Oct. 24, 2012
Caption:Mayor Greg Stanton
Mayor Greg Stanton announced today a new city strategy to end homelessness in Phoenix by prioritizing housing for the chronically homeless.
The comprehensive Phoenix Homeless Initiative, approved Tuesday by the City Council, efficiently redeploys existing homeless services and grant funding at no new cost. Through a “housing first” strategy, 200 additional chronically homeless families and individuals will have access to permanent assisted housing over the next three years, starting in July 2013.
“More Phoenix families are struggling and falling through the cracks after facing job loss, foreclosure and a frayed social safety net due to massive budget cuts at every level,” Stanton said. “Taking care of our chronically homeless isn’t just the right thing to do — it helps improve the safety and overall health of our entire community.”
The Morrison Institute for Public Policy reports there may be 20,000 to 30,000 people who are homeless on any day in Arizona. In Phoenix, a resident who is chronically homeless is defined as experiencing homelessness for a year or longer or more than four times in the last three years, and has a disabling medical, mental or addictive condition. These are the most visible and most difficult to serve. They are more likely to need medial care, and could easily create $40,500 in hospital costs per year — costs that are shared by the public, according to the Morrison Institute.
No additional funding is needed for the new initiative, because it realigns city services and existing funding and combines services from the Housing and Human Services Department. The innovative “housing first” strategy allows homeless families, veterans, the chronically homeless and unaccompanied youth to move into permanent housing with supportive services and individualized case management.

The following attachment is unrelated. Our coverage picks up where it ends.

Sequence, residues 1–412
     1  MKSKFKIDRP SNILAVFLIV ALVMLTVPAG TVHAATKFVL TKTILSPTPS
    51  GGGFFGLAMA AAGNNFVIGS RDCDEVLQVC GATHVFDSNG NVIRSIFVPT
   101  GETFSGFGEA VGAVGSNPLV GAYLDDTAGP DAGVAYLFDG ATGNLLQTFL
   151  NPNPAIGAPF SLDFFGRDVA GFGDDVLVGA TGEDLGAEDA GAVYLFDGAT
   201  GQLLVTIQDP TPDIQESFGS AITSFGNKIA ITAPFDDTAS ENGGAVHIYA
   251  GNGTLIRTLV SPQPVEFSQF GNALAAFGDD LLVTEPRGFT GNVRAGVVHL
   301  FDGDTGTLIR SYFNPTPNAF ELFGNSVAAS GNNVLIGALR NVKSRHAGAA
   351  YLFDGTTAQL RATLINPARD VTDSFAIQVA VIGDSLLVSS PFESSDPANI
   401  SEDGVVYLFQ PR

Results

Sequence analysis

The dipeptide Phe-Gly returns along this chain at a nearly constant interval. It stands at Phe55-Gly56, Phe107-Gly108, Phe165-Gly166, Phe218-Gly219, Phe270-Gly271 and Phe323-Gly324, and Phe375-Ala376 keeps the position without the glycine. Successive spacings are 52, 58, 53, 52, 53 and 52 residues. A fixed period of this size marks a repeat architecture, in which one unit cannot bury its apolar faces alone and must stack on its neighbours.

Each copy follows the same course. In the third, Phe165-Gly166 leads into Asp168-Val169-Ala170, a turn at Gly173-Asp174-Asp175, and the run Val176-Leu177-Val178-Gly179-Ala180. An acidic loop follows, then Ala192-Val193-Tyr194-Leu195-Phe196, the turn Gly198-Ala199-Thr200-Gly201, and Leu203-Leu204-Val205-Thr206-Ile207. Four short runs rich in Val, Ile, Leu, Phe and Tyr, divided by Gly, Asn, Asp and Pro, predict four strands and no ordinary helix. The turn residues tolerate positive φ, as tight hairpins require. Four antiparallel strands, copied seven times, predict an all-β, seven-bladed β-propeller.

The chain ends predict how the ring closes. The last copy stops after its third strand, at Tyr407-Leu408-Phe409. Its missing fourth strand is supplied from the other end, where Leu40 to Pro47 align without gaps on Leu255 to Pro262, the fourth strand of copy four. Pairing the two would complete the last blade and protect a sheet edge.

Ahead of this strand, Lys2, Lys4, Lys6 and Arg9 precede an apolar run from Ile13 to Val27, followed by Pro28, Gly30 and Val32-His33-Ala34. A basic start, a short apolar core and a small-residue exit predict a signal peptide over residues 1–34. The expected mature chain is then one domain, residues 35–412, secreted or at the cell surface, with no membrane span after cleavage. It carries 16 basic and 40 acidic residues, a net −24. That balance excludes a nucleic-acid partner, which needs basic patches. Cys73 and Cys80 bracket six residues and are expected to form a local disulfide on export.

Before, the City of Phoenix was operating on a first-come, first-serve basis. The new strategy builds upon the leadership provided over the last year by the Mayor, City Council and city staff.
“This new initiative means we are doing business a new way to attain greater outcomes and efficiencies,” City Manager David Cavazos said. “We will decrease homelessness and improve lives by aligning housing with services.”
Three major parts make up the program:
- Chronically homeless families will have priority access to public housing units through a homelessness initiative targeting families at the City of Phoenix Watkins Emergency Shelter. This shelter serves up to 120 single women and 20 families every night, providing accommodations, meals and access to physical and mental health care and case management services. The move will free up temporary shelter space for newly homeless families.
- Housing vouchers for rental assistance and homeless services will be combined for the first time through an RFP seeking agencies to administer the services to the chronically homeless.
- Through the initiative, 200 chronically homeless families will have access to permanent assisted housing over the next three years, starting in July 2013, through rental assistance vouchers and funding for services.
Stanton is a long-standing advocate of protecting the safety of all Phoenix residents. Just in the last year, Stanton brought to his staff a senior policy adviser on homelessness, a first for the mayor’s office. Additionally, an advisory group on homelessness was created. This new plan is just the latest effort to end homelessness in Phoenix.
“Retooling city resources to end homelessness rather than manage homelessness demonstrates the city's commitment to address individuals, family and youth homelessness,” said Darlene Newsom, CEO of United Methodist Outreach Ministries New Day Centers. “Strategies targeting housing with support services aligns with best practices nationally that have produced improved outcomes.”